1. Visiting from the US? Why not try DIYnot.US instead? Click here to continue to DIYnot.US.
    Dismiss Notice

Low voltage power from a UK live only light switch

Discussion in 'Electrics UK' started by Lewishw, 13 May 2015.

  1. Lewishw

    Lewishw

    Joined:
    13 May 2015
    Messages:
    10
    Thanks Received:
    0
    Location:
    Manchester
    Country:
    United Kingdom
    I am trying to find a way to power an Arduino and RF transceiver behind a UK light switch which just has the live and switched live present. This will run on 5v and 500mA and it would be in series with the light.

    I know this is possible as LightwaveRF light switches draw some power from the lighting circuit to power the electronics inside the switch. They seem to keep a low current running through the light, but not enough to light it up. The unit also dims the light but will only go up to about 90% of the normal brightness as the switch is using some of the power.

    As far as I can tell it seems to involve a digital AC dimmer and an AC-DC convertor. I have been searching for a way to do this for a while when I came across this site. Any help would be greatly appreciated.
     
  2. Sponsored Links
  3. ban-all-sheds

    ban-all-sheds

    Joined:
    27 Aug 2003
    Messages:
    69,783
    Thanks Received:
    2,858
    Location:
    London
    Country:
    United Kingdom
    So in the back box, as well as the switch innards, you're hoping to get an Arduino (in a case, of course), an RF transceiver and a 5v power supply.

    I don't think so.


    This forum is awash with posts from people who will assure you that that design does cause some lamps to glow, or periodically flash. It's a daft design.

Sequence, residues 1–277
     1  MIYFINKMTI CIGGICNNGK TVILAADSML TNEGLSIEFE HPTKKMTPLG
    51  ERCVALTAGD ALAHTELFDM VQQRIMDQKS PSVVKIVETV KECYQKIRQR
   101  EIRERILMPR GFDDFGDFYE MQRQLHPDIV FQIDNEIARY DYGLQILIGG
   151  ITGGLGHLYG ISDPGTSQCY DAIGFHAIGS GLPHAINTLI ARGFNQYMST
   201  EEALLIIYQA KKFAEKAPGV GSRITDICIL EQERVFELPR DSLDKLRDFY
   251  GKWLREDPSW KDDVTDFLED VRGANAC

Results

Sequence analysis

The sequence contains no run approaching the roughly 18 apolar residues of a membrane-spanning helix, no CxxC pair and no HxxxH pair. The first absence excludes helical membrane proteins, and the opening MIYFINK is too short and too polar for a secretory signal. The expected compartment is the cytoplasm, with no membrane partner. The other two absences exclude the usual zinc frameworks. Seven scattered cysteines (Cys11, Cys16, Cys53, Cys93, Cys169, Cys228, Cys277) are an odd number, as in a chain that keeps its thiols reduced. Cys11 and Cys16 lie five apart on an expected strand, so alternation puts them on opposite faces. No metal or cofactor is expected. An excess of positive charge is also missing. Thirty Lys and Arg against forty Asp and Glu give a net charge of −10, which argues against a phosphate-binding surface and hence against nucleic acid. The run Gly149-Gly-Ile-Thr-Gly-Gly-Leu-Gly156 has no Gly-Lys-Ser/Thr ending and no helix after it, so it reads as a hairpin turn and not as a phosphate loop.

Buy an off-the-shelf system to do the remote control and/or automation which you want?

    But if you want the fun of DIYing, do not try and cram that stuff into a back box and do not try and power it by putting it in series with the lamp and passing a current even when "off".
     
  4. ericmark

    ericmark

    Joined:
    27 Jan 2008
    Messages:
    17,567
    Thanks Received:
    1,635
    Location:
    Llanfair Caereinion, Nr Welshpool
    Country:
    United Kingdom
    The 5 ~ 20 mA system has been used in industry for a long time and what you are looking at is something similar. However 5 mA drain may well not light any lamp but 500 mA is going a bit OTT.

    Many RF light switches use small batteries the humble door bell has a button cell and lasts for years this points out how little power is used. I would expect bulb manufacturers do allow a small amount of current to leak through the bulb to dissipate any voltage build up due to capacitive or inductive linking with parallel cables.

    Put a standard ohm meter on a CFL and often you get infinity reading only as the voltage builds up with current flow. In the old days of tungsten you may have got away with it but today with LED and CFL it's not really going to work.

    To draw even 5 mA that's nearly 12W at 230 volt it would require a double system one with lights off with a voltage transformer and one with lights one using a current transformer. Your looking at 2.5W to get 500 mA at 5 volt so with a 3W LED bulb it would be clearly impossible.